From the couch: David Dusek on the British Open
11:00 a.m. EDT
Now that I’ve enjoyed three cups of coffee and two breakfasts, it’s time for me to share five observations I have made after watching over six hours of the 2014 Open Championship:
1. Tiger Woods’ five birdies in a six-hole stretch is impressive, but what impressed me most about his opening round at Royal Liverpool was the way he was able to right the ship and recover from a bogey-bogey start. At the time, several players were already at 2- and 3-under, so Woods was well off the lead after just 30 minutes of play. But as the holes went by, his game got tighter and putts started to drop. The birdie on No. 5 was huge. Tiger might not win, but he certainly appears physically capable of playing excellent golf.
2. Rory’s opening-round 66 was not really surprising, but he sure made it look easy. McIlroy is clearly playing better these days, but the real test for Rory is going to come tomorrow, in the second round, when he needs to back it up. The weather is not expected to be as favorable in the second round and McIlroy’s Friday scores at the Open Championship are not usually that great:
- 2013: 75 (MC)
- 2012: 75 (T-60)
- 2011: 69 (T-25)
- 2010: 80 (T-3)
- 2009: 74 (T-47)
- 2007: 76 (T-42)
To be fair, that 80 at St. Andrews in 2010 came after an opening-round 63 and was shot in conditions that were so windy that McIlroy and others questioned whether the R&A should have stopped play. Still, McIlroy admitted that he’s thinking about his Friday problems.
"It’s more I just got it into my head,” he said in his pre-tournament press conference. "I may be putting a bit too much pressure on myself, going out on Fridays and trying to back up a good score.”
Well see how his head is in 24 hours.
3. Rickie Fowler went out in 32, then had a few loose bogeys on his inward nine to finish at 69, 3 under for the day and three shots behind McIlroy. He looked composed, contained and confident. There’s no doubt that having played in the final group Sunday alongside Martin Kaymer at the U.S. Open has given him confidence. He used to be known for the sizzle in his apparel, but Fowler’s level of play since starting to work with Butch Harmon has been a lot better.
4. When Sergio Garcia is making putts, as he was today while shooting 68, it makes you wonder how it’s possible that he has never won a major.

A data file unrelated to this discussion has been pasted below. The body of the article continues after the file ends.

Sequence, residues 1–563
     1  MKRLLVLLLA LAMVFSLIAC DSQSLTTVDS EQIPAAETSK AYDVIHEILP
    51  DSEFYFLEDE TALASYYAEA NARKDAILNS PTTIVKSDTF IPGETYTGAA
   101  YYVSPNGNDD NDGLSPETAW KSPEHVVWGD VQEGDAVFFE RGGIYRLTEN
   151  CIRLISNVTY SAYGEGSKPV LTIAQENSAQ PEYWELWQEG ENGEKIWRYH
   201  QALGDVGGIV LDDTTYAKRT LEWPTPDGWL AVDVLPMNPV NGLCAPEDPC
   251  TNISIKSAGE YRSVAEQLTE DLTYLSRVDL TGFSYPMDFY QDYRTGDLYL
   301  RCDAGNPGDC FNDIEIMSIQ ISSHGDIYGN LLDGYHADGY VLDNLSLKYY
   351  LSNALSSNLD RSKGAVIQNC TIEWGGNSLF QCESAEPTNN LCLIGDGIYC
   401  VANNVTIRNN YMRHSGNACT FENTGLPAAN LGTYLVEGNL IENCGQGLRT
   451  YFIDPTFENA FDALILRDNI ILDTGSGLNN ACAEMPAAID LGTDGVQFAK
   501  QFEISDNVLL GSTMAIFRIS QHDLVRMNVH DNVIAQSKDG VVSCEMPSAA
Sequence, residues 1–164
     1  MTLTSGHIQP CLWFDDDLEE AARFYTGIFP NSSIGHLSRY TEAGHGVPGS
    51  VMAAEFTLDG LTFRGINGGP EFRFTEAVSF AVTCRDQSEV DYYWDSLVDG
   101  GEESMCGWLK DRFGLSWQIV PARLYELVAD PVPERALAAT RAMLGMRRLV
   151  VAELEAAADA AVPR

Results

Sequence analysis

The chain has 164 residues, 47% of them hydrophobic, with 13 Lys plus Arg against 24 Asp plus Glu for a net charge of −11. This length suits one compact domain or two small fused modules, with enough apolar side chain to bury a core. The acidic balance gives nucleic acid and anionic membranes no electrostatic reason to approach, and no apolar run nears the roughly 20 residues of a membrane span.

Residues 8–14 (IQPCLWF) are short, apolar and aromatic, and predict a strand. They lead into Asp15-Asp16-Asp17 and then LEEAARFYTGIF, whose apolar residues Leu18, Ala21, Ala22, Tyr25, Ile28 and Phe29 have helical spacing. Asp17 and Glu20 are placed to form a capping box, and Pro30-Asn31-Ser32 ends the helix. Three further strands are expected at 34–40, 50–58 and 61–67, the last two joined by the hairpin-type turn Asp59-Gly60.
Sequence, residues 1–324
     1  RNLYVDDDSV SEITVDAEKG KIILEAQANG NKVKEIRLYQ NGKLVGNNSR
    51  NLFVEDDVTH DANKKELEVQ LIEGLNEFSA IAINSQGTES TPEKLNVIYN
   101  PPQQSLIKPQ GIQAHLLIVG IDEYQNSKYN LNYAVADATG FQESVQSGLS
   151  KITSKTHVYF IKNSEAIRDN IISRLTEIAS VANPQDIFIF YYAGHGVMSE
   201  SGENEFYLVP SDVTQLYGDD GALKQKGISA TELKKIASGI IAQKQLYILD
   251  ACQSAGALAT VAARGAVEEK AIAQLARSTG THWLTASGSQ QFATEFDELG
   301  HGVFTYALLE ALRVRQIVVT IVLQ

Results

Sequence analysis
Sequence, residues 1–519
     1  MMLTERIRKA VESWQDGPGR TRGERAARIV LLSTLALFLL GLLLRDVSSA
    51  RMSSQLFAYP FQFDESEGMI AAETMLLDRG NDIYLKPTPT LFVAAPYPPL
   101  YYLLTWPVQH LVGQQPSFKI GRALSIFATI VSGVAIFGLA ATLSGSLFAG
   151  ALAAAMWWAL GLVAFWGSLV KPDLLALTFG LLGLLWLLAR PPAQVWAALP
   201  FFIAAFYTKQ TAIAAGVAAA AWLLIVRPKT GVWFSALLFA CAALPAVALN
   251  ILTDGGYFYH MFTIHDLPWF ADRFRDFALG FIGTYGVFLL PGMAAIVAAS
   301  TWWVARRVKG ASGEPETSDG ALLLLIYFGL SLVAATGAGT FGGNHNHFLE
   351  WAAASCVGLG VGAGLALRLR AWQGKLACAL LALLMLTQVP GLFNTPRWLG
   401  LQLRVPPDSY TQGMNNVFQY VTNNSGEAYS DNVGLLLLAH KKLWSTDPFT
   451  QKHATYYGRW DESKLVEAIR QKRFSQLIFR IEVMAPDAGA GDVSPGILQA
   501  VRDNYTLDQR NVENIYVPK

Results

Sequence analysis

Oh yeah … he’s been mentally fragile and overly negative. During his playoff with Padraig Harrington at Carnoustie in 2007, Garcia hit a 3-iron on the 16th hole that hit the flagstick and bounced away from the hole, leading him to say afterward, “You know what's the saddest thing about it? It’s not the first time. It’s not the first time, unfortunately. I don’t know, I’m playing against a lot of guys out there, more than the field.” Classic Sergio.
But I have a confession to make: I’m warming to Garcia, and while I’ve always respected his game (he’s undeniably one of the best ball strikers of his generation), I’m starting to think that the world won’t end if he can hold it together, mentally, for 72 holes and finally win a Claret Jug.
5. Jimmy Walker is going to surprise some people during the Ryder Cup and play well, but he won’t surprise me. I know that his three PGA Tour wins were all at the beginning of the season, but he shot 69 Thursday and looks completely comfortable in majors. Last year he played in his first Open Championship and missed the cut after shooting 72-79, but this season he tied for eighth at the Masters and tied for ninth at the U.S. Open. People overlook him because he’s quiet, but Walker can really play.
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5:35 a.m. EDT
It's safe to say that anyone who is crazy enough to wake up before dawn to watch golf is a hardcore fan. The kind of person who sets his alarm clock to go off at 3 a.m. wants more from his TV coverage than just images of Tiger Woods and Rory McIlroy. Save the "stars only" broadcast for prime time.
ESPN did not show a single shot of Robert Karlsson, who moved to 3 under and a share of the lead on 16th hole, until he drained a short putt at No. 16. Images of Edoardo Molinari and Marc Leishman, who has been in the lead or tied for the lead most of the morning, also have been sparse.
I love seeing the slow-motion images of Woods' swing, along with the swings of other players, but first and foremost, I want to know how the storylines on the first day of the Open Championship are unfolding. That means showing me the people actually leading the tournament.